Safe Up Here With You: the Twilight Singers’ “Hyperballad”

Welcome to my latest obsession. I finally gave She Loves You, the Twilight Singers’ 2004 album, a metaphorical spin the other day. (Now that I have Spotify, I’m chocking in some of the holes in my musical knowledge.) It’s an album of covers, but the one that absolutely jumped out at me right away was “Hyperballad”. The through-composed style, the restrained instrumentation and vocal by Greg Dulli, the thoughtful, vivid imagery of the lyrics, the band’s dreamlike performance, relaxed yet hyper-focused…I could swoon. The restless, chiming guitar and yearning, soaring synth lines play off the trudging, rolling beat perfectly, lightening its steps until it becomes as welcome as your lover’s heartbeat. Dulli has been known to chew some scenery at times (“My Time Has Come” from Powder Burns, anyone? I mean, HONKEY’S LADDER?), but here he wholly feels the subtle soul of the song and his unselfish, out-of-himself delivery is totally right-on. He doesn’t even monopolize the choruses — they’re sung in unison, a lovely hymnic touch, like choral music. Trance gospel blues indeed.

The lyrics themselves are something special. Bjork’s words picture someone going out to the edge of a cliff early in the morning and pitching random things off. Then she watches them fall, intent on the sound they make, and doesn’t look away before they hit the rocks below. She wonders what it would be like to throw herself off, and would her eyes be closed or open? It’s both a metaphor and an psychological snapshot from daily life. The words picture the daily choice we must all make to love our person, our people, whoever they are, whatever the cost. They celebrate the daily sacrifices we all make that our partners, our children, our parents, our friends, never see or know, but that we make unceasingly, day by day, so we can stay with that person. The throwing things off the cliff is at once both a purgation, purifying, cleansing, and an act of renunciation — this is what I can do without.

The song also hints that this is for the sleeper’s protection, or the narrator’s — “this is so I can feel safe up here with you.” Maybe these are the things that the sleeper or the narrator would be tempted to use on each other, once the sleeper awoke and the day resumed its endless march until night. Maybe it’s better to throw those things away, whatever they are, before they get used on someone you love in a moment of anger and there’s no going back: these are the things I have to, need to, do without. But whatever you throw off the cliff every day — anger, pride, wondering how things would be different with a different partner or a different life — it’s never worth as much as the one who sleeps through the predawn ritual of pitching stray objects off a mountain precipice and meditating on their fall and smashing. For that person you throw everything you can lift, everything you can possibly bear to part with, and then some, off the mountain. Everything except yourself.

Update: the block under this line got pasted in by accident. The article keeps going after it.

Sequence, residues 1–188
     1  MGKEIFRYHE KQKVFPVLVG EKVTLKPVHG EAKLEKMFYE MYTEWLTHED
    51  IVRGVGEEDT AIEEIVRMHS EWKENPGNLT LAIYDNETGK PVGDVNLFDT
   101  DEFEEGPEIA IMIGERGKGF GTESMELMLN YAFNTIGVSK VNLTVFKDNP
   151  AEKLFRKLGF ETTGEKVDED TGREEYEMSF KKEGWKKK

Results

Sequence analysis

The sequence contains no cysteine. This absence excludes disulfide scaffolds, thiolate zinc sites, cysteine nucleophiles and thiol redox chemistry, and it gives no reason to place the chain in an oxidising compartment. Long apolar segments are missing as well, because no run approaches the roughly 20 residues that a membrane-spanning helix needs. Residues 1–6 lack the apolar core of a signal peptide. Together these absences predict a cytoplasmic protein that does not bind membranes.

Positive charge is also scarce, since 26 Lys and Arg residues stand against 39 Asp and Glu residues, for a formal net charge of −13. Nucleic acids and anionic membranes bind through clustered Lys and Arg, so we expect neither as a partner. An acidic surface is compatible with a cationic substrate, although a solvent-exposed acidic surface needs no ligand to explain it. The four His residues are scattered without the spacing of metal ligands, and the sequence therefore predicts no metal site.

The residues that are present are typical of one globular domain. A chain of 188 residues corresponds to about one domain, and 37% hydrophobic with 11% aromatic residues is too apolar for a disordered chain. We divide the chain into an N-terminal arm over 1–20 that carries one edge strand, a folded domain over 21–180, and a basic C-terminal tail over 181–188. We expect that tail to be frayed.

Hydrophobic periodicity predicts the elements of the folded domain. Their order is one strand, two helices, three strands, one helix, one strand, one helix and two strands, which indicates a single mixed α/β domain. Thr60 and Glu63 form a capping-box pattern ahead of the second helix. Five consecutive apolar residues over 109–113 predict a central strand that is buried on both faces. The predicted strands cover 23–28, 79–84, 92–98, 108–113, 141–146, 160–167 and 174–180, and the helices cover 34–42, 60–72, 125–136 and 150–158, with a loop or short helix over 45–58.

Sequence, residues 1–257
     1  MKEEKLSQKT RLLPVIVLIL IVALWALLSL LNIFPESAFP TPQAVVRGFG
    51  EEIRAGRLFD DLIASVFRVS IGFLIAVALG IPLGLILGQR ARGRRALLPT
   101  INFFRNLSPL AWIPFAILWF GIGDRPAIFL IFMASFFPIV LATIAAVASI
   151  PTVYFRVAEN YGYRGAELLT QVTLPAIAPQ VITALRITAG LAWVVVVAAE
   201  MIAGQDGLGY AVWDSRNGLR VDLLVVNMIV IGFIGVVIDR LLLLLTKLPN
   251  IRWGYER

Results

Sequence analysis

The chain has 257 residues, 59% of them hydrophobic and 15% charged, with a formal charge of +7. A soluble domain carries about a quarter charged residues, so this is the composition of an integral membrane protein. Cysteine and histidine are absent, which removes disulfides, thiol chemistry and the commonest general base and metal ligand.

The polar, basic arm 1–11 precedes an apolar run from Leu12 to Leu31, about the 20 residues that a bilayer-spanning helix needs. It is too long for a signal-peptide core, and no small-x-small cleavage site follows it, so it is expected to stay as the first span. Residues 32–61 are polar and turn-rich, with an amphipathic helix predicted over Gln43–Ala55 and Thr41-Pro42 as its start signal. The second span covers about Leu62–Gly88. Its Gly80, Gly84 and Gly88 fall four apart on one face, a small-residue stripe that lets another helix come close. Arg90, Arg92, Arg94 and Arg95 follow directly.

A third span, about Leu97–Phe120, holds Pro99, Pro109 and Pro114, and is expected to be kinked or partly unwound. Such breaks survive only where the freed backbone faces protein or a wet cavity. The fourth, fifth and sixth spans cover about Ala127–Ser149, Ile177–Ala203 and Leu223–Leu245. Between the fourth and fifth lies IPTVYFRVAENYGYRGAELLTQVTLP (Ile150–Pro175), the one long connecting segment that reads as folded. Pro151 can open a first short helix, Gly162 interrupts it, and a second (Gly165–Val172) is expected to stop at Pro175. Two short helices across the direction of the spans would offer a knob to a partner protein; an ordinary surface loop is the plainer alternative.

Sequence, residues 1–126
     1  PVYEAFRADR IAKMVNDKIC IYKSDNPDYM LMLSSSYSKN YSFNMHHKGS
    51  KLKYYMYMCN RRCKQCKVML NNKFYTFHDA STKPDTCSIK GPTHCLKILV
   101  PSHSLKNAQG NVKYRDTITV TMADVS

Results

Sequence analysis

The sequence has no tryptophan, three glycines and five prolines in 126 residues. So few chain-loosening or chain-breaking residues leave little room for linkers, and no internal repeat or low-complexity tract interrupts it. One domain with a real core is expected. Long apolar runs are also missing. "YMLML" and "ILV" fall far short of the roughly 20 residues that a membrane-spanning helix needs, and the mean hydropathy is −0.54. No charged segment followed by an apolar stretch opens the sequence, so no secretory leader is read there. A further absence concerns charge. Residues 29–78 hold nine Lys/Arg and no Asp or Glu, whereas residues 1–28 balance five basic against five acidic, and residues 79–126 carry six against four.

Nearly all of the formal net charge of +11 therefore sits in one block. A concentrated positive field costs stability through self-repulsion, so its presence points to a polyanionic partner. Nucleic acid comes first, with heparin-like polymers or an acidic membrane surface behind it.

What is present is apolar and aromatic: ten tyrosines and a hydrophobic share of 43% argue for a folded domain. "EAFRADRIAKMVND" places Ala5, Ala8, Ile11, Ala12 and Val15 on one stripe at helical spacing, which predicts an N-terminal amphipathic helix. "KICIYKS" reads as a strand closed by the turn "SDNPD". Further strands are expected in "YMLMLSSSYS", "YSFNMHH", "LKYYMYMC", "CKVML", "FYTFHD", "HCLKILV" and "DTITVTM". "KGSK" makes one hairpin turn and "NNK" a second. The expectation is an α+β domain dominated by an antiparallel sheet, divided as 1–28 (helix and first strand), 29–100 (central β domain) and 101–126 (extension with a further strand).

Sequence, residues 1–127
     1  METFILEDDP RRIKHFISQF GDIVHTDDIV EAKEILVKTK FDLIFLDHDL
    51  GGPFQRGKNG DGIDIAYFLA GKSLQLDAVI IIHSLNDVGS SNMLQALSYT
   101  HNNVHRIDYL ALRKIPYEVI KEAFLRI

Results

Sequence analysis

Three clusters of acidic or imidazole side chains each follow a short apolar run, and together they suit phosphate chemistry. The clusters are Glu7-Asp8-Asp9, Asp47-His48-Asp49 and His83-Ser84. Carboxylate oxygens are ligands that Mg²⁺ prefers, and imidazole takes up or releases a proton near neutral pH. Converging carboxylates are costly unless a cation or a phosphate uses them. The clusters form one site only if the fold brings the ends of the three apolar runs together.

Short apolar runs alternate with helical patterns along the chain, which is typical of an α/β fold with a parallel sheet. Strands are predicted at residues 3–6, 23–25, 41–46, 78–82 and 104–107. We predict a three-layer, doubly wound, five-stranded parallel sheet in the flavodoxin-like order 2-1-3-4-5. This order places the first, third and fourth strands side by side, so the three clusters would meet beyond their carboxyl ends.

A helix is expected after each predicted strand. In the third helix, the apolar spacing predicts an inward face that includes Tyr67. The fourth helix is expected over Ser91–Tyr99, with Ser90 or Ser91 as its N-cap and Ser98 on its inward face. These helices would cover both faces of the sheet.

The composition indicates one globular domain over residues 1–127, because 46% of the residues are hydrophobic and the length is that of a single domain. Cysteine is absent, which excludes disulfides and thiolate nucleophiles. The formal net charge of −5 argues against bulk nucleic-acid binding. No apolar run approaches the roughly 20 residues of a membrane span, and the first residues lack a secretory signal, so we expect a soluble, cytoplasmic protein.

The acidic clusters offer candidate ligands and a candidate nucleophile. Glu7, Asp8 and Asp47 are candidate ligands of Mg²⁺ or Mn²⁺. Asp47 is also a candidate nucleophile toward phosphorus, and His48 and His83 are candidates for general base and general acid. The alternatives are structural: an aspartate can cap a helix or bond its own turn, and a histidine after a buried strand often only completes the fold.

Kudos to Bjork for being honest enough to admit about thinking about throwing yourself off a cliff. Kudos also to Dulli for seconding her startlingly honest thoughts by choosing to cover this standout song. He knows what it’s like to kill yourself slowly, or to realize that if you don’t change your path you’ll end up dead. This song is about pondering the path you’re on, and ultimately deciding that it’s the right one. You want to be “safe up here” along with the narrator, because that’s what they want too.

Just expressing these kinds of compulsively honest, or dark, thoughts are enough for most people to give you the side eye, if not respond with outright alarm. With good cause, of course…but sometimes you just wonder. The ability of the human mind to play out “What if?” is one of our greatest strengths, and one of our biggest downfalls too. We play with temptation or create fantasy worlds, indulge in magical thinking and act accordingly…and real people, who care about us, get hurt. (Here’s where Dulli’s natural knack for the dark, the twisted, the addicted, the turned-out, yet also faithful and still somehow feeling despite it all, shines through.) Sometimes “What if?” is enough all on its own, as a question in the mind. Always make the choice to be present, to remain, to be steadfast — for others, and for yourself.

we live on a mountain
right at the top
there’s a beautiful view
from the top of the mountain
every morning i walk towards the edge
and throw little things off
car-parts, bottles and cutlery
or whatever i find lying around

it’s become a habit
a way
to start the day

i go through this
before you wake up
so i can feel happier
to be safe up here with you

it’s real early morning
no-one is awake
i’m back at my cliff
still throwing things off
i listen to the sounds they make
on their way down
i follow with my eyes ’til they crash
imagine what my body would sound like
slamming against those rocks

and when it lands
will my eyes
be closed or open?

i’ll go through all this
before you wake up
so i can feel happier
to be safe up here with you